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Sickening Sound when tightening stem on Easton Carbon Bars(12 posts)

Sickening Sound when tightening stem on Easton Carbon Barscdlynx
Apr 3, 2002 8:45 AM
During my weekly tightening ceremony, I heard one of the sounds you don't ever want to hear carbon make, kind of a cracking crunching sound. I have a Thomson stem (with four tightening bolts) and the Easton EC-90 bars. I gently snugged each bolt using a cross 4 pattern and then I heard what sounded to me like a cracking sound. I see no damage on either side of the stem and can feel no flex in the bars and there is no other stress (cracking)noise when I put pressure on the bars. Now the question: I'm afraid to loosen the stem and find a mess of carbon fibers under the stem plate. Has anyone had this experience, and is there a risk of stress failure down the road with these bars? Thanks, cdL
"Weekly tightening ceremonies"TJeanloz
Apr 3, 2002 9:04 AM
Interestingly, Deda did a survey of mechanics last year and found that most were torquing their stems far beyond the requirements, and into dangerous territory. Bolts shouldn't be tightened by ritual- only when they need to be. And a small torque wrench is the only way to really know.
"Weekly tightening ceremonies"cdlynx
Apr 3, 2002 9:43 AM
Just a little clarification: I don't actually check and tighten my stem weekly (perhaps should have been weakly), but just happened to be the pre-ride check this time. Did not use a torque wrench, but just snugged a little 'looseness out'!
Is it really worth it?ColnagoFE
Apr 3, 2002 9:53 AM
With all that fiddling do you really notice so much of a diff in weight reduction that a 260 gram stem wouldn't do the trick just as well--without all that fiddling around with torque wrenches? I looked at one of those easton bars the other weekend. Not much there and light as a feather. I'm sure they did the R&D to make sure they are strong enough but after holding one I'd never bolt one onto my bike and trust it in a out of the saddle sprint.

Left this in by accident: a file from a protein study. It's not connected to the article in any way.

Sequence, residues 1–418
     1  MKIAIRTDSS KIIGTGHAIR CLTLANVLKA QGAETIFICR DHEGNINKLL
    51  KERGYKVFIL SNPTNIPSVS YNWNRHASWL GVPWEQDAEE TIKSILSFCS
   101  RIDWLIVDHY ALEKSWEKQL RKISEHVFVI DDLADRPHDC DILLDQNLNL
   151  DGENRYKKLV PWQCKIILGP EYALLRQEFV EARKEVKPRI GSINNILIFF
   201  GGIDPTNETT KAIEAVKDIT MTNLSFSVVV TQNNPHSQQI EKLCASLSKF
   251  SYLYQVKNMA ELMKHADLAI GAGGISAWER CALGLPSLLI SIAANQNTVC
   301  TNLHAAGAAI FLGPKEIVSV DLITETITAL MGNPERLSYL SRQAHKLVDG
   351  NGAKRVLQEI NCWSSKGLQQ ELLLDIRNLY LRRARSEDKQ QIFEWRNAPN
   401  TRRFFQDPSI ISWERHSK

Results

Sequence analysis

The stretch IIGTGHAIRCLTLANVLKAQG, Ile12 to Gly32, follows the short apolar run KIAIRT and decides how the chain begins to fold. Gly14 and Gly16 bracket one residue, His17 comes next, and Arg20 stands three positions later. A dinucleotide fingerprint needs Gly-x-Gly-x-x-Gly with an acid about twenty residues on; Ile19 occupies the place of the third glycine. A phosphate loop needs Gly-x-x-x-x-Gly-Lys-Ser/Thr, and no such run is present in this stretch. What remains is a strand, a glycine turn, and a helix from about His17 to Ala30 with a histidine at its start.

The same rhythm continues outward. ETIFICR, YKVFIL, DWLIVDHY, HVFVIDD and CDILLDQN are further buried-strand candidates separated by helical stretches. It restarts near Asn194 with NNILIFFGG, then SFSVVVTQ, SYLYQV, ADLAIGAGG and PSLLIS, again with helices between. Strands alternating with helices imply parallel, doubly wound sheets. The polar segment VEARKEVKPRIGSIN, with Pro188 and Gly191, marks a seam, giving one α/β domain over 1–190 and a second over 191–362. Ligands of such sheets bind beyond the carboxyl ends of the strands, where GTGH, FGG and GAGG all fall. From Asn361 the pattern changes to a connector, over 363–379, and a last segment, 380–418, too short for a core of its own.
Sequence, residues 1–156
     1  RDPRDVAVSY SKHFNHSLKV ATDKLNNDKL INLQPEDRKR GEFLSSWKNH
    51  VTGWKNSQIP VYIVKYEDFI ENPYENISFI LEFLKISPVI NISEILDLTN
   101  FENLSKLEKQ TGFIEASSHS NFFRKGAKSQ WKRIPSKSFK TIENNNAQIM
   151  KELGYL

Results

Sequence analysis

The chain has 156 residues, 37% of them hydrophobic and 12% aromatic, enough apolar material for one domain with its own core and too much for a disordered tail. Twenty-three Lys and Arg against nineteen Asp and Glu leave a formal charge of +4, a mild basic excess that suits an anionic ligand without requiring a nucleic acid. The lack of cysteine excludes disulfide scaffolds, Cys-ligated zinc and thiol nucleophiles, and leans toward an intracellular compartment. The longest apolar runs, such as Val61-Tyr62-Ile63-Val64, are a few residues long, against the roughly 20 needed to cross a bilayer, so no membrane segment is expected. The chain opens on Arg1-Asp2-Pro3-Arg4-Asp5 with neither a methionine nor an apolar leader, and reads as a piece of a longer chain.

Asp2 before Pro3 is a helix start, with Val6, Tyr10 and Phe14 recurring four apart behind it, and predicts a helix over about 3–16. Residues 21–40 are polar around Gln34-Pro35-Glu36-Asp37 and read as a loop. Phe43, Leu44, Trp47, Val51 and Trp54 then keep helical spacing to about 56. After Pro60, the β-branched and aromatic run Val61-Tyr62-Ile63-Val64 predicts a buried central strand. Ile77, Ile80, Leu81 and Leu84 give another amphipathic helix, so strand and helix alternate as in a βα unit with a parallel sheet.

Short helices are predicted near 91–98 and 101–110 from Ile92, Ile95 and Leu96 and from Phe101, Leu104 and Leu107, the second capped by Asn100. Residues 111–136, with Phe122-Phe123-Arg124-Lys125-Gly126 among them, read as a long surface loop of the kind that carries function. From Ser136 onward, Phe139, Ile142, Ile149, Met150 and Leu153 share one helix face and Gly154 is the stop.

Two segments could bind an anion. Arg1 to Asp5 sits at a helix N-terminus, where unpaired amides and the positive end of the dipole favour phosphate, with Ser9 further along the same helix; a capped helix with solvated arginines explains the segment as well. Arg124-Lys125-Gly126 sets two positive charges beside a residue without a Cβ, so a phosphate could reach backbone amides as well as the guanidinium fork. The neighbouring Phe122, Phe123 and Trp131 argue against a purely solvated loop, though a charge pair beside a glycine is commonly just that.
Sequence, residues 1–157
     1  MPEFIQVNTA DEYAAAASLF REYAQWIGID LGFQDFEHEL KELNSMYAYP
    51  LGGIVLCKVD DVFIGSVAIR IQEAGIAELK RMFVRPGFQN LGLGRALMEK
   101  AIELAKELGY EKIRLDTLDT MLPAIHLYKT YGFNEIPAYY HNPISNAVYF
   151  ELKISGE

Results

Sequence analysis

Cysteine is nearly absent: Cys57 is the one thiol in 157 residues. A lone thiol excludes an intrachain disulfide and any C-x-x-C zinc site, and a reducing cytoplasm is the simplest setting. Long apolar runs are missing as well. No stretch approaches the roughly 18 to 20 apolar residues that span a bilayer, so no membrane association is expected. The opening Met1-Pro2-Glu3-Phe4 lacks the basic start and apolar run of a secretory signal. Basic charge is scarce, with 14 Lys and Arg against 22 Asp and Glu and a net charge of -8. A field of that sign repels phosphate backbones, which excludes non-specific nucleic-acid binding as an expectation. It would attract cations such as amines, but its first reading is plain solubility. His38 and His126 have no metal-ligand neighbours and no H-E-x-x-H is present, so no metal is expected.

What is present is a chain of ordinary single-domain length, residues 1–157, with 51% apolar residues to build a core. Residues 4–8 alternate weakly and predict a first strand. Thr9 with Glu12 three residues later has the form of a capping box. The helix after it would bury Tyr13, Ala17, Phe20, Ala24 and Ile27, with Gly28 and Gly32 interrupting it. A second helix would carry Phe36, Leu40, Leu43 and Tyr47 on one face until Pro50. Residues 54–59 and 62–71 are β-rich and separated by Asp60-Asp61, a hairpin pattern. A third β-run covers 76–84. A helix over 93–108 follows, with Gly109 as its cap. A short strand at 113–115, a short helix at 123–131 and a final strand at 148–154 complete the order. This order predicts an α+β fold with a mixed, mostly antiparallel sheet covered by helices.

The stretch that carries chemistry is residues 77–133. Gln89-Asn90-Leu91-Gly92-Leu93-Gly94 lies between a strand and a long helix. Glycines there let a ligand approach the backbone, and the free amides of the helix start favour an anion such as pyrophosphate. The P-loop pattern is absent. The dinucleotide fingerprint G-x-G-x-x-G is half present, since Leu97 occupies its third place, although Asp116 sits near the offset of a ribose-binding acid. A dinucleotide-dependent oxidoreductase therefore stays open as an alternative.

Apr 3, 2002 10:56 AM
Most mechanics who habitually re-torque things learned this habit long before handlebars and stems were stupid light.

I have an Easton bar, and I sleep o.k. at night, dreaming of sprint finishes.
Not really about weight advantage..........cdlynx
Apr 3, 2002 11:04 AM
I installed this bar late last summer for the vibration (or lack there-of) adavantage...I have diabetes, and my hands go numb very easily despite many different glove and bar wrap experiments. This bar is very comfortable, and readily available on the ( 5th letter)-bay site for under $90 new if you really shop. If necessary, I would buy another for the comfort factor alone. I will take post suggestions seriously though, and check to see the status under the plate to save my teeth, nose, collar bone, etc. thanks
"Weekly tightening ceremonies"grzy
Apr 3, 2002 6:08 PM
Just "snugging a little looseness out" means different things to different people. Recently pick up a used frame and the previous owner had over tightened the water bottle screws to the point of partially stripped. And then there is my wife of good solid stock....

Get thee a torque wrench and stop guessing.

BTW - the crunching noise wasw the sound to fibers coming loose from the epoxy matrix and some failing. Still, I don't think you have too much to worry about - there's a "factor of safety" built into the design. You'll probably be fine with normal use, but something very unusual or a wreck and you may see a premature failure. The Easton bars are pretty solid - my MTB gets tossed down trails and ghost riden all the time.
I'd rather find a pile of loose carbon fiber than loose teeth...IAmtnbikr
Apr 3, 2002 9:54 AM
pull it and check it! Carbon fiber will have a catastrophic failure with no warning! The sound was a clue for you to check, before you test your medical insurance.
a thought...g-money